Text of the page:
Public Comment

Commentary: Police Display Unnecessary Violence

By Jaime Reyes
Friday November 17, 2006

On Monday, Nov. 6, I witnessed an encounter between a Berkeley policeman and two women that culminated in what I considered unnecessary and brutal violence. This encounter demonstrated very rapidly how the thin veneer of civilized behavior that we are all so dependent on can disappear so quickly, that we are left with a sense of helplessness and impotence. 

I was parking my car on Addison, at the corner with Martin Luther King, when I saw two women crossing Martin Luther King using the crosswalk. I noticed them because one of them, the younger one, was obviously concerned with her safety and at one point made a motion with her hands as if asking a car to stop before running them over. Suddenly a police car appeared and a police officer stopped the two women, asked for their identification and started writing them a ticket. As I did not see them do anything illegal, I was intrigued by this and stayed in my car observing the interaction. The younger woman very quickly became agitated. In a loud voice and using somewhat vulgar language, she asked several times why she was getting a ticket for just crossing the street. The other woman attempted to calm her down several times and also talked to the officer. I could not hear what she and the officer talked about. I did notice that the younger woman became more and more agitated as the cop continued writing the tickets. Suddenly, the younger woman screamed that she needed her ID back as she needed to go. The police officer approached her, threw her to the ground face down, slammed his knee on her back or neck and appeared to be out of control, yelling at the other woman to stay away as he jammed the younger woman forcefully on the cement. I would not be surprised if the young woman suffered some serious injury as a consequence of being treated so roughly. I will never forget this scene. Fortunately, shortly after, about five or six other police officers came running out of the station, took over the situation, and took the women away. Had they not appeared, I am afraid the woman would have continued being treated very roughly. Why did this policeman wait to call for assistance until after he completely lost his temper?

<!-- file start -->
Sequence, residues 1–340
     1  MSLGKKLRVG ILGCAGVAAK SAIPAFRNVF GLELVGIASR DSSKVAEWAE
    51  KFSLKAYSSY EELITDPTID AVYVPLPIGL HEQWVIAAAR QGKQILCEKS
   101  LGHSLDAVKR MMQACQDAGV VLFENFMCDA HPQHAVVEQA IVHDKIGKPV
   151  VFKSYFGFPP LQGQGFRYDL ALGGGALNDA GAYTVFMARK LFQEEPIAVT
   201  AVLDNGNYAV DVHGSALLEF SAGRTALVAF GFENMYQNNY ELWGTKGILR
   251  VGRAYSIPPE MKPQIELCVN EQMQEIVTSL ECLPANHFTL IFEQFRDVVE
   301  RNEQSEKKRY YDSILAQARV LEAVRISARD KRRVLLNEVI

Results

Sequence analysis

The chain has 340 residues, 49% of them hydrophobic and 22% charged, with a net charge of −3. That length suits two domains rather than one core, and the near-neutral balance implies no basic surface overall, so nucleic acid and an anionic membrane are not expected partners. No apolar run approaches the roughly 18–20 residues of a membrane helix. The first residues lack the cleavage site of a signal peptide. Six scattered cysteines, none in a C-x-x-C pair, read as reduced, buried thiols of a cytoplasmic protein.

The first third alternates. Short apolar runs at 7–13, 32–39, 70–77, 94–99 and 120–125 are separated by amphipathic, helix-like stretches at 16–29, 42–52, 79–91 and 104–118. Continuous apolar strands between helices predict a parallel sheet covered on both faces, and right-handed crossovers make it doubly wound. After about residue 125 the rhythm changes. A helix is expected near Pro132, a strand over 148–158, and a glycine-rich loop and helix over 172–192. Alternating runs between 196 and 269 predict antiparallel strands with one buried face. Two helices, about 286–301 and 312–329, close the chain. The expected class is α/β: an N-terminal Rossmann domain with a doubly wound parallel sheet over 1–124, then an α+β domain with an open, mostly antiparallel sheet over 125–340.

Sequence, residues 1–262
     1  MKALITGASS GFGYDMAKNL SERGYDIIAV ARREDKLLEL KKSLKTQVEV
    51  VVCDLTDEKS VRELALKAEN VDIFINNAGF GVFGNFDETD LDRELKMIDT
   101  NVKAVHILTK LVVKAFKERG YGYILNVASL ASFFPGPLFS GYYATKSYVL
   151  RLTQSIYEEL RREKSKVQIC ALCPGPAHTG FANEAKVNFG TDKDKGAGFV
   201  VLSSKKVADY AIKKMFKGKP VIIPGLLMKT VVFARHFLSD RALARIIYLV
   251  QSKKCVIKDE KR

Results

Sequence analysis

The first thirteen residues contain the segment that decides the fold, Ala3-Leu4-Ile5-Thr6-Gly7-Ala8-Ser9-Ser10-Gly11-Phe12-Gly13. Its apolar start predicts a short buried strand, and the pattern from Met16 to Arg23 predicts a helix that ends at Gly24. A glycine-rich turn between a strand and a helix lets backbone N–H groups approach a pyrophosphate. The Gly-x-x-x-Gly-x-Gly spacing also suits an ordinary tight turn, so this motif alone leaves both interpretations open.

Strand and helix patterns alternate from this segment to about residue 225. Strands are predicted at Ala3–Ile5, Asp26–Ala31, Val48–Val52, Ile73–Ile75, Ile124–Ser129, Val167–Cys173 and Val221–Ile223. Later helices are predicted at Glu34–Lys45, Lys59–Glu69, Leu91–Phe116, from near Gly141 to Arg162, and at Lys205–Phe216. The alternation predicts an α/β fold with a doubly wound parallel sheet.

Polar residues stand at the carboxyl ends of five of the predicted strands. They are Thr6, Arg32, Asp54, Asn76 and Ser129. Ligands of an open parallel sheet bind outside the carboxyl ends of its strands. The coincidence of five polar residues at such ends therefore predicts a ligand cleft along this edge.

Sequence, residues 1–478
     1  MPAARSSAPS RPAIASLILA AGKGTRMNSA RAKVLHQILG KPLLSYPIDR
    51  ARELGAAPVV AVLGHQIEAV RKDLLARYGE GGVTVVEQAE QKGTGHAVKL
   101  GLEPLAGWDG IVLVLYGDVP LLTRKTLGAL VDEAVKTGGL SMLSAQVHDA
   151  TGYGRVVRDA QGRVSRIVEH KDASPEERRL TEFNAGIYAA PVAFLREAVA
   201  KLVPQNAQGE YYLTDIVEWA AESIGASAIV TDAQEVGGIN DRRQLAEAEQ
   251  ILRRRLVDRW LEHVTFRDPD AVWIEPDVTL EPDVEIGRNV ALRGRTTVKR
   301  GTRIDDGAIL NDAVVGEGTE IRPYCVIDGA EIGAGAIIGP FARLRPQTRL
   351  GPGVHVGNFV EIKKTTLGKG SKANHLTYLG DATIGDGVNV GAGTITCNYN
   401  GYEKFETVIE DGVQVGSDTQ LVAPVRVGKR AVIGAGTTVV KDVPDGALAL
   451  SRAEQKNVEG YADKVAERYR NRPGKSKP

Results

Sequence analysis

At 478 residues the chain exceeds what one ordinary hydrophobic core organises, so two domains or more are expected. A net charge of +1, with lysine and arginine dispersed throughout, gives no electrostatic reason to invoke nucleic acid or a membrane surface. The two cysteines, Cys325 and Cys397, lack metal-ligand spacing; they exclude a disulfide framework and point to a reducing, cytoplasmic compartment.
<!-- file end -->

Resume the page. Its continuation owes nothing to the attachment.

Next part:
I wonder what happened to these two women. Were they arrested? How much time did they spend in jail? Will the police report charge the woman with assault when all she did was become agitated and run off the mouth? Was her companion, who was trying to calm the situation, also charged? Will the police officer be charged with assault? 

A woman who was across the street yelled at the policeman saying that this was “totally unnecessary.” I did not know what to do so I stood there for a while and left with the feeling that I had seen a nightmare in real life. None of the policemen approached any of the potential witness to ask us what we had seen. I was afraid to approach them fearing for my own safety. Do policemen only talk to each other when one of them is involved in a violent situation? 

The next day I sent an e-mail to the police department describing what I had seen. No one has responded to me. I called the Berkeley Police Review Commission, and was told that because I had not been a victim of police action, I could not file a complaint or report the incident. They would not even take my name as a potential witness in case the women approached them with a complaint. They told me the women would contact me if they needed a witness. When I explained that neither of the women would even know I had witnessed the incident, they did not have any other suggestions. So I am writing to you hoping that if necessary, someone will contact me. 


Jaime Reyes is a Berkeley resident.